We have this little diagram that we use. It’s like a Venn Diagram of how these things got to overlap. There’s a concept of wallet naming like ENS and Unstoppable Domains. There’s a whole bunch of other ones like ADA Handle. There’s a new one on Solana. They all have these wallet naming solution providers, which we feel is pretty important. There are many of them. What we do a little differently than Unstoppable Domains and ENS is we are not doing decentralized DNS. We are not trying to solve that problem. That’s a big, great problem to solve but we are focused on usability.
We do the wallet naming, and that’s where we are similar. We do additional things such as NFT signatures, which we want to talk about on the show. We also do that FIO request functionality and the ability to add a memo. One of the challenges that we see with some of the existing solutions is that they are on a layer one that’s too expensive to use. That’s why Unstoppable moved to Polygon and other examples like that. It’s so expensive. People aren’t going to use it.
The other part about it is the ability to request funds and have a message or a memo and to be able to work in a permissionless way with every single chain. There’s no approval that you need if you are a new blockchain with a new token to be able to use the FIO Protocol. It’s an open and permissionless protocol that anyone can participate in. Prior to ENS having a token, we were the only tokenized decentralized business model, which they are exploring as well. It demonstrates that we had a good idea there.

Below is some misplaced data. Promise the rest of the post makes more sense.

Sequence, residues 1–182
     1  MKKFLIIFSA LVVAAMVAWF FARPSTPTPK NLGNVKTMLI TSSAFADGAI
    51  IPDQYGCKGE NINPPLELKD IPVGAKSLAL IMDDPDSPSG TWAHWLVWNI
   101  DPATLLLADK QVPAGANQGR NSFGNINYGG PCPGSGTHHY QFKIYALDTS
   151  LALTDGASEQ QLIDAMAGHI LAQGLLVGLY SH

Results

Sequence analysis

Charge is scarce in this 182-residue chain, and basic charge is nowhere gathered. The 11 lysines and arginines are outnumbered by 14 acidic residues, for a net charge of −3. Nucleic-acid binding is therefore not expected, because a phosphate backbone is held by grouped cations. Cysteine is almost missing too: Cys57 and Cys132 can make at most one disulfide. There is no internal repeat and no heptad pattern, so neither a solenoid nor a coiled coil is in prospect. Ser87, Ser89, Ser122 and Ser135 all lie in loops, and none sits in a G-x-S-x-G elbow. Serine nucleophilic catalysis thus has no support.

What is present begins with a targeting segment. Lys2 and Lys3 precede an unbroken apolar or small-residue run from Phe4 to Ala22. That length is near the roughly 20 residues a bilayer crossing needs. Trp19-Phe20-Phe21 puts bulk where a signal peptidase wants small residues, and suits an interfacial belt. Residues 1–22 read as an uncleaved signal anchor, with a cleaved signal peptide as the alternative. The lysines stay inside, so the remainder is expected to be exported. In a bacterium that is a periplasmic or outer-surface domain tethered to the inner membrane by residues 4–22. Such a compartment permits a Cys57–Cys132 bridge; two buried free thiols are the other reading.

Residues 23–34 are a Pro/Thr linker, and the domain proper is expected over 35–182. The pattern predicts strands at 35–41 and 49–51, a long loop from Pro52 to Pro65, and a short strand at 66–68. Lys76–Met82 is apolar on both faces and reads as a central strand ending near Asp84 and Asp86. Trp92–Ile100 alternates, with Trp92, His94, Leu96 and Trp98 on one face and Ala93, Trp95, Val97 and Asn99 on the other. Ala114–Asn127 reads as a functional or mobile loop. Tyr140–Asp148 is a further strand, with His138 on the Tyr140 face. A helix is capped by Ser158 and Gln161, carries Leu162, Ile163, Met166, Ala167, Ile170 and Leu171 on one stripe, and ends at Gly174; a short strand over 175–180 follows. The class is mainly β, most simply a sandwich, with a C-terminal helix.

Walk us through how this enhances the crypto experience for someone that loves NFTs and is starting to dabble in that space. Maybe they’ve got something a little bit crazy that they didn’t expect to put in their wallet, and it’s there. Now they want to protect it because it’s going up in value. How does FIO help?
I will caveat it with the entire industry is too early. What I mean by that is remember when the internet was first going. I built my first website in 1996. Things were frustrating and difficult. It takes time for usability to catch up and for people to prioritize usability. I will say that as a caveat. I read an article. It was one of these metaverse land NFT sale things, and it was a big critique about the project. As I read through the critique, I was chuckling because most of the critique was about the blockchain industry. It was like, “Metamask is too hard.”
Consumer Accessible Blockchain: If you’re in a wallet, exchange, or in some type of crypto enabled-experience, you can have that nice human-readable expression instead of these long, crazy public addresses that just confuse everybody. That’s what we’re building.
They were looking at a blockchain transaction on the Etherscan going, “This is my receipt? You’ve got to be shitting me. This is crazy.” The idea that this isn’t a human-readable receipt to know exactly what I bought and I spent a whole lot of money for it. Those are the type of things that we are trying to solve with the FIO Protocol. Instead of some random Ethereum address or an Ethereum contract address and you have seen hex data for metadata that you are supposed to interpret as this thing you bought, it’s not user-friendly at all.